First you win. Then you do good.
Be skeptical of concepts that divorce war from its political nature, particularly those that promise fast, cheap victory through technology.
What is it about the modern GOP that so many of its leaders are correct on the righteousness of either the Civil War or the Iraq War, but rarely both?
Give me sweet lies, and keep your bitter truths.
It was a strange and delicious emotion, an intense dreaming and anguish…I became humanized and lifted out of my youthful savagery….But the fates were unkind and we were not allowed to marry.
In his book “The Lucky Country” (1964), the Australian social critic Donald Horne decried the mediocrity of Australian political and business culture. The book’s most famous line was “Australia is a lucky country, run mainly by second-rate people who share its luck.” The phrase lost its meaning over time, however, as it was widely adopted as a kind of sunny national motto.
[John Jacob Astor III's] credo, which he passed on to his only son, William Waldorf, along with a scorn for American life in general, was “Work hard, but never work after dinner,” and the equally joyless “Always take the trick. When the opportunity you seek is before you, seize it. Do not wait until tomorrow on the supposition that your chance will become better, for you may never see it again.”
The road to success is paved with mistakes well handled.
True friends stab you in the front.
“Lord help the poor bears and beavers,” said Colonel Davy Crockett, amazed at the amount of money Astor must have taken out of the fur trade to build such a palace [as Astor House].
People duck as a natural reflex when something is hurled at them. Similarly, the excellence reflect is a natural reaction to fix something that isn’t right, or to improve something that could be better. The excellence reflex is rooted in instinct and upbringing, and then constantly honed through awareness, caring, and practice. The overarching concern to do the right thing well is something we can’t train for. Either it’s there or it isn’t. So we need to train how to hire for it.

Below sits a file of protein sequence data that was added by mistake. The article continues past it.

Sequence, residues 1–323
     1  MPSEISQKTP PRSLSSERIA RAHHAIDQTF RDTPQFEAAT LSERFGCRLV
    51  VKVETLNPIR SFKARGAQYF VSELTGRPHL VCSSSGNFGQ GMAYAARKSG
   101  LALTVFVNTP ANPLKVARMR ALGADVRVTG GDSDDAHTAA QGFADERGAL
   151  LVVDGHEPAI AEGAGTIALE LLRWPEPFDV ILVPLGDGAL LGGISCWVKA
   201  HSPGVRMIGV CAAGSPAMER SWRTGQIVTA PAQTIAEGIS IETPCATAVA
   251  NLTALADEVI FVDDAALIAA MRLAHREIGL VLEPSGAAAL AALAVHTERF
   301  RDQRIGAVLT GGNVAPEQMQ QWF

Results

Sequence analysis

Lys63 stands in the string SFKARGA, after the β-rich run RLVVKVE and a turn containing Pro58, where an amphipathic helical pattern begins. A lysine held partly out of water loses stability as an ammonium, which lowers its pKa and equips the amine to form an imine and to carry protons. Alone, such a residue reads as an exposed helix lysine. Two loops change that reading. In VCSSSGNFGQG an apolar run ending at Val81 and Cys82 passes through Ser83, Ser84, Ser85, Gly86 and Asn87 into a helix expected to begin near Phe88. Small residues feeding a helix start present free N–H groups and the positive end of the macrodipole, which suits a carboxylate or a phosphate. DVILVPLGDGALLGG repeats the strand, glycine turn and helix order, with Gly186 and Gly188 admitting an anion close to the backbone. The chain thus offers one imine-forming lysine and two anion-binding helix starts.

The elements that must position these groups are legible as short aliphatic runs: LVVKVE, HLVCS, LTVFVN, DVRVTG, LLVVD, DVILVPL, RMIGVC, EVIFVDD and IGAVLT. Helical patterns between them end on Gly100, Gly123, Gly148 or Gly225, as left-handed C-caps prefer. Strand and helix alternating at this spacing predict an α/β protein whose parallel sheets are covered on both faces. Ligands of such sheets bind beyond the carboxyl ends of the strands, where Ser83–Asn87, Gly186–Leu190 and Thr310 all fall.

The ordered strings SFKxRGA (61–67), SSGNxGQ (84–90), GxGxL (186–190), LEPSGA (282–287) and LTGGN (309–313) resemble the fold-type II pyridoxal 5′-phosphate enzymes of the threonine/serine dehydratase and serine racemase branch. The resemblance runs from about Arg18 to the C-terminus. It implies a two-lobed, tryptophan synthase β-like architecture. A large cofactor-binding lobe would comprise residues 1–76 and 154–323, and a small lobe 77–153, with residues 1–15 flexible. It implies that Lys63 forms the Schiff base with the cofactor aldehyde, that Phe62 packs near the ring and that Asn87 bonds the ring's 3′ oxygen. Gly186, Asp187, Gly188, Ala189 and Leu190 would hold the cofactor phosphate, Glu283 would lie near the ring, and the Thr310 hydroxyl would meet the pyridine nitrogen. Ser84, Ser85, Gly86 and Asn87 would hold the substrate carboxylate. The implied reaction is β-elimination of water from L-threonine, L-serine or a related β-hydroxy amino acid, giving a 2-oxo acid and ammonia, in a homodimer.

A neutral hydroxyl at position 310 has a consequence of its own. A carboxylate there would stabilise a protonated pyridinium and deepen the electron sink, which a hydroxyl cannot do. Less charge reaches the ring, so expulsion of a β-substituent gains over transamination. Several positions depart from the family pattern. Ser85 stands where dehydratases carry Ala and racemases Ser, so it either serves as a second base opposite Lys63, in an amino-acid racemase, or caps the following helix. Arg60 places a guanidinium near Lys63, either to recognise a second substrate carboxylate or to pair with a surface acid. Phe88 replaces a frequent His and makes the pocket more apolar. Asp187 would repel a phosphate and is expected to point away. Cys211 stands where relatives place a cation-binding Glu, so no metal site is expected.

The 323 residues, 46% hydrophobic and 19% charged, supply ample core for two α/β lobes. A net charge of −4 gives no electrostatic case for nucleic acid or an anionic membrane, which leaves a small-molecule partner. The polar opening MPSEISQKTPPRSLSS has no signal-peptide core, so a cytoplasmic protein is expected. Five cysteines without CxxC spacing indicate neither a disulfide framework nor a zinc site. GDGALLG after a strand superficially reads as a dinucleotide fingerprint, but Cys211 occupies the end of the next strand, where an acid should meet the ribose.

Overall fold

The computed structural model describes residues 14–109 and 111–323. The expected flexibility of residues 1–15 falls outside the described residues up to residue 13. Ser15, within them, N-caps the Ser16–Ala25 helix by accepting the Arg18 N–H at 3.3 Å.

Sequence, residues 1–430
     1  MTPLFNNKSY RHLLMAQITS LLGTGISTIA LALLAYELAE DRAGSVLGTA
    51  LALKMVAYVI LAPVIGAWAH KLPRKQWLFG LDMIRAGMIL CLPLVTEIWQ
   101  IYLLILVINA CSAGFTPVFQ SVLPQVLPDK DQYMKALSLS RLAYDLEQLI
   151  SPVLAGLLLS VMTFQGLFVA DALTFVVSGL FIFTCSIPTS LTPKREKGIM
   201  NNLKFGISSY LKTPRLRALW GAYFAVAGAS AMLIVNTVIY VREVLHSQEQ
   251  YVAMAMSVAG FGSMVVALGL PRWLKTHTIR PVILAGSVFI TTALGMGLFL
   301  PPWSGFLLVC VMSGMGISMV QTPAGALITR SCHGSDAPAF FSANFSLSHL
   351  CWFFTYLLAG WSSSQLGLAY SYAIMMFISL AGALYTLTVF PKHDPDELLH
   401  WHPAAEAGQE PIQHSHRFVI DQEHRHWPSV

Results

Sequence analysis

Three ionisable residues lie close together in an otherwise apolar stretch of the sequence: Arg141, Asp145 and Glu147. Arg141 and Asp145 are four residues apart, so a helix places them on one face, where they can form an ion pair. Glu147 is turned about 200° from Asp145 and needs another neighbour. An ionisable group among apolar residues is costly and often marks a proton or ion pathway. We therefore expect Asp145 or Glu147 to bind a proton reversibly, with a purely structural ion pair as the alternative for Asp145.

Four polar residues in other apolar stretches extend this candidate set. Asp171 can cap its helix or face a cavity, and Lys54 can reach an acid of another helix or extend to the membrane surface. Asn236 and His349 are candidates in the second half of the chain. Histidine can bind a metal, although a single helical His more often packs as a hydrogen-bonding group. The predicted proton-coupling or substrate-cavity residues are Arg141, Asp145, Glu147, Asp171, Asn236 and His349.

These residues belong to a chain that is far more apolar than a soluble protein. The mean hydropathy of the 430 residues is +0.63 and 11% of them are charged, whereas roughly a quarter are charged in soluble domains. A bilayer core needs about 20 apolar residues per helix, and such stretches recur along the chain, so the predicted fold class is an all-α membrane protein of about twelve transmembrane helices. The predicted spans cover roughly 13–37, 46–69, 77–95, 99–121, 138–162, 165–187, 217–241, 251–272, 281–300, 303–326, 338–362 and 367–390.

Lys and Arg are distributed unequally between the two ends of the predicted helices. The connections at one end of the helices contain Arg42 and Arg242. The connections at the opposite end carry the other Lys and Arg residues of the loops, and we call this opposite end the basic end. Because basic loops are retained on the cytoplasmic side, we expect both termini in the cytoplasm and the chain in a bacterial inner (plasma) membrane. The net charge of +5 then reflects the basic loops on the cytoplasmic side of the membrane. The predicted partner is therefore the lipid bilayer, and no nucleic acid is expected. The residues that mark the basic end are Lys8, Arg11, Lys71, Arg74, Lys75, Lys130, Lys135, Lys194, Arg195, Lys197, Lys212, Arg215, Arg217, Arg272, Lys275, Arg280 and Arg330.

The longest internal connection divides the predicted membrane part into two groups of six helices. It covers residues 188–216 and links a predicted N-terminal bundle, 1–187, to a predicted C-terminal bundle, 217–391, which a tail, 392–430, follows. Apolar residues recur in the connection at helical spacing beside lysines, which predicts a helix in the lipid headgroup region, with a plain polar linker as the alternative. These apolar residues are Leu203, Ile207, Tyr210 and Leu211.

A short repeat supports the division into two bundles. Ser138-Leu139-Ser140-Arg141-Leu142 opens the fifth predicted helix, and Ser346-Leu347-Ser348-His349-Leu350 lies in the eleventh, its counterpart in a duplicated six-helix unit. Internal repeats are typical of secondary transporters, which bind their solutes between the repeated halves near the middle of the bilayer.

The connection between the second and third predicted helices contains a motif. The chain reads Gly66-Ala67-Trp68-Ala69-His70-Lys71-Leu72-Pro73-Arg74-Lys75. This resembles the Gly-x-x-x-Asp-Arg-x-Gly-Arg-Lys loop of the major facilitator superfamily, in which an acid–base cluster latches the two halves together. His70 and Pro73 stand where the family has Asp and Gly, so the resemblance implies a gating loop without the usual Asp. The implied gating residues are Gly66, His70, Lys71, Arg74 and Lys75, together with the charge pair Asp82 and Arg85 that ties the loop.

There is no security on this earth; there is only opportunity.
Influence is largely a matter of patience.
If you do not change direction, you may end up where you are heading.
…like the thought of my death, it burns in my private heart with a tiny, brutalizing flame.
Khal Drogo waved him away. “I need no man’s help,” he said, in a voice proud and hard. He stood, unaided, towering over them all. A fresh wave of blood ran down his breasts from where Ogo’s arakh had cut off his nipple. Dany moved quickly to his side. “I am no man,” she whispered, “so you may lean on me.”
There’s a fable about returning Roman generals who rode in victory parades through the streets of the capital; a slave stood behind them, whispering in their ears, “All glory is fleeting.” Nobody does that for professional athletes. Jordan couldn’t have known that the closest he’d get to immortality was during that final walk off the court, the one symbolically preserved in the print in his office. All that can happen in the days and years that follow is for the shining monument he built to be chipped away, eroded. Maybe he realizes that now. Maybe he doesn’t. But when he sees Joe Montana joined on the mountaintop by the next generation, he has to realize that someday his picture will be on a screen next to LeBron James as people argue about who was better.
Paris, needless to say, is quite different from L.A., which in comparison is a newborn city, though they are similar in one crucial way — both are places where people believe they will be able, with a little good luck, to step into the lives they are destined for.